Sunday, February 28, 2010
Bread pudding is the quintessential comfort food. All warm and redolent of cinnamon, spices, raisins, custard and sugar, it makes the ideal breakfast food. It very often reminds me of french toast with its "custardy" personality, so it is great for breakfast and brunch. Sometimes however, it is one note perked up with a "rum sauce" or "whiskey sauce" and that is okay, I just opt for the pudding itself to be able to stand alone with a good mix of flavors and textures. Sometimes it's too smooth, sometimes it's too sweet, like Goldilocks I was always looking for "just right." So here is my attempt to find the "just right" bread pudding...
I generally keep some variety of dried fruit: raisins, apricots, pears, peaches, mangoes which are flavorful and pack more of a punch in their dried form. For this version of my bread pudding I chose raisins, dried pears and combined them with orange and lemon zest, and the Granny Smith apple is for added moisture and flavor. I still kept some traditional flavor with the addition of extract and the expected spices. In my humble opinion the most important ingredient in bread pudding is the bread! For this recipe I chose an artisan bread that found at Whole Foods called "Seeduction." This bread has poppy, sunflower and sesame seeds and quite frankly it is not one of my favorites but ended up being perfect for the bread pudding. It lent a textural quality to the bread pudding and it merged well with the custard. It makes the bread dominate and not the custard. There are usually three types of milk in my fridge: soy, almond and buttermilk. I chose the almond milk to make the custard, and then topped the dish with sliced almonds as a complement and for added crunch. The serving you see is topped with toasted coconut (more crunch). I hope you enjoy this recipe it is addictive, flavorful, moist and has a great texture...and a little vanilla ice cream doesn't hurt either!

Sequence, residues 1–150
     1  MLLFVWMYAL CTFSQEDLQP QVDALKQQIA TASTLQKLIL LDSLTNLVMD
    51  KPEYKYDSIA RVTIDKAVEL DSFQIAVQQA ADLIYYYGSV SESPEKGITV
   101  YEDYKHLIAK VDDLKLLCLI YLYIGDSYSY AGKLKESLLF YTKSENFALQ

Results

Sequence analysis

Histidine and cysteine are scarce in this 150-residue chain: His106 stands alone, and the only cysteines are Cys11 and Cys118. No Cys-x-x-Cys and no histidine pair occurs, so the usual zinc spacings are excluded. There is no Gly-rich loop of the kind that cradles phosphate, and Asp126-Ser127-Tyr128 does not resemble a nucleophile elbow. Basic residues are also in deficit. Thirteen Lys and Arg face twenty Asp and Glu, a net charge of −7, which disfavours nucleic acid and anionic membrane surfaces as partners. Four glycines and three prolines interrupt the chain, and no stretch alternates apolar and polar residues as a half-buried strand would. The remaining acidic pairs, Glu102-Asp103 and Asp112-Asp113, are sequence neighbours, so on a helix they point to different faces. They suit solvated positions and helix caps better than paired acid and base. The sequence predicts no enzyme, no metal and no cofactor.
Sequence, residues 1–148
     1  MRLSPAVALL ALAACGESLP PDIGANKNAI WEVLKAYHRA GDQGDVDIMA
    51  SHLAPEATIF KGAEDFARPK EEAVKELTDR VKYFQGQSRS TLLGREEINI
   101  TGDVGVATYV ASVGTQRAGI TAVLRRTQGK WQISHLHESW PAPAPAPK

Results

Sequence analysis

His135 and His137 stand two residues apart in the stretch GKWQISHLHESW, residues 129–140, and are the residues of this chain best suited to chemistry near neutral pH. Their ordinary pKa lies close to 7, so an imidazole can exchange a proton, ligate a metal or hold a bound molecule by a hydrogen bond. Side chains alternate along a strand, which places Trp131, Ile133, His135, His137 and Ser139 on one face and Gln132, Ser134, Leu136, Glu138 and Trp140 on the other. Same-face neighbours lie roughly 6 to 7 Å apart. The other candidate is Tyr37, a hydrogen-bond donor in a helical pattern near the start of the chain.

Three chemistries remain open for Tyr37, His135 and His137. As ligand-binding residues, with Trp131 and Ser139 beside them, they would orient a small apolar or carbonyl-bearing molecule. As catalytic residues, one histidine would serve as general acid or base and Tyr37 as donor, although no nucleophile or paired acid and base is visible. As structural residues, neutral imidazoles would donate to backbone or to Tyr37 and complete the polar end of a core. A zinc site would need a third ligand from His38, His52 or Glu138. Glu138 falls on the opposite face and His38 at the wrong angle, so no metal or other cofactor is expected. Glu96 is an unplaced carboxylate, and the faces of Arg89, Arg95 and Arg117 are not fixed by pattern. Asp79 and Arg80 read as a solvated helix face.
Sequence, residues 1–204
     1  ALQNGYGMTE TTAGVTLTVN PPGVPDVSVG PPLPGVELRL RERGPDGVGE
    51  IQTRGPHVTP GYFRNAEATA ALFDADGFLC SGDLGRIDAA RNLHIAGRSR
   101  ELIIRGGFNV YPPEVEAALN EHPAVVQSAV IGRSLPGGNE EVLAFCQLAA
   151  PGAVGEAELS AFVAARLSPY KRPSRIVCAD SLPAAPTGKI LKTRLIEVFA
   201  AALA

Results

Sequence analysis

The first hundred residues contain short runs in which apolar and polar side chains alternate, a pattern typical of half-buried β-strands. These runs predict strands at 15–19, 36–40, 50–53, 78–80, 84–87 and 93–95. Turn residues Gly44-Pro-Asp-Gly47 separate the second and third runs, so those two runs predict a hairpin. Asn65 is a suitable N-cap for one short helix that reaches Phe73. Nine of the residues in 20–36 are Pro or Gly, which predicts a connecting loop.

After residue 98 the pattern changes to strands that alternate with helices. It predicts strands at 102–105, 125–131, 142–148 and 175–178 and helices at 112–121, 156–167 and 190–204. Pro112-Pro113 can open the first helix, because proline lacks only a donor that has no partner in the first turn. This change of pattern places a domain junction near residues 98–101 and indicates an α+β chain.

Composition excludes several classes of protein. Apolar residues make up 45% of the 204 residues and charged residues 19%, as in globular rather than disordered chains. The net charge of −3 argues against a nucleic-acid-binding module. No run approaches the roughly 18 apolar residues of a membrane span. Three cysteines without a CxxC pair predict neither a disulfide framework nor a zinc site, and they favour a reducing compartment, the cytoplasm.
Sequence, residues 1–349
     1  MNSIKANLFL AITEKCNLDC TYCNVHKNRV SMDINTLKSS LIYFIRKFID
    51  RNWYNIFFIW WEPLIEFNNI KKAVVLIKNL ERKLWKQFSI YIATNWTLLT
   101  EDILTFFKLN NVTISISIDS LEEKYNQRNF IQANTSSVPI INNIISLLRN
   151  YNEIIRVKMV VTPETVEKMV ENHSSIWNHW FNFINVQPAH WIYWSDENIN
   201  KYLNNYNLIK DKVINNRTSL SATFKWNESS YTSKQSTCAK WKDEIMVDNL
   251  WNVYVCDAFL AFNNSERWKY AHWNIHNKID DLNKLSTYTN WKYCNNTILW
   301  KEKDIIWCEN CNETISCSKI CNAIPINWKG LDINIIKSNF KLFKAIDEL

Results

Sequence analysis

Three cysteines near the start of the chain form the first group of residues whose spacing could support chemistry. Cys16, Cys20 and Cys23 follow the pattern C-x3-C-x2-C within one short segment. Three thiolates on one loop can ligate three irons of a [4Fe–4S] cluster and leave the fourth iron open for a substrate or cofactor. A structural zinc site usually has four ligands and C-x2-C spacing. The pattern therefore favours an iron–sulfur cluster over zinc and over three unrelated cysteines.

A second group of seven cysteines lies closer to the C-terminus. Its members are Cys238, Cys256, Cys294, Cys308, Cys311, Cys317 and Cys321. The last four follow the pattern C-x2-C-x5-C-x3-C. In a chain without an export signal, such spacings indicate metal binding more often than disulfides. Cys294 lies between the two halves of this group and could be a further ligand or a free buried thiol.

3 cups of bread (my choice was the grainy Seeduction bread from Whole Foods)
1/2 c raisins
1 Granny Smith apple, peeled and chopped
1/2 c of dried pears, chopped
zest of one orange
zest of one lemon
3 oz sliced almonds for the topping
3 cups almond milk
1 cup granulated sugar
1 t. vanilla extract
1 t. cinnamon
1 t. ground ginger
1/4 t. nutmeg
dash of cayenne pepper
In a large bowl combine the bread, fruit and zest. In another bowl combine the ingredients for the custard and whisk until well blended and sugar is dissolved. Pour the custard over the bread mixture and combine thoroughly, and let the mixture rest until a lot of the custard has been absorbed by the bread. You can place this in the refrigerator overnight and bake in the morning, or let it rest and marry for at least 2 hours.
Oil/butter a a rectangular baking dish (13 x 7.5) and pour the mixture into the dish and top with the sliced almonds. Bake in a preheated oven at 350º for 50-60 minutes, and it should be "just right!"
I love Indian curry, it has a depth of flavor and a complexity that is both a taste sensation and comforting. My first curried dish was prepared by my Aunt Mattie. She traveled the world with my Uncle Warren who was a Cultural Affairs Officer for the State Department from the 50's through the 70's. She soaked up the culture of every country they lived in and visited, bringing that exposure to her dining table in true epicurean fashion. She prepared a curried chicken dish that I vividly remember, served it with jasmine rice, naan bread and a bevy of condiments including: raisins, ground peanuts, toasted coconut, chutney...there may have been more but to my young and inexperienced taste buds these stand out in my memory.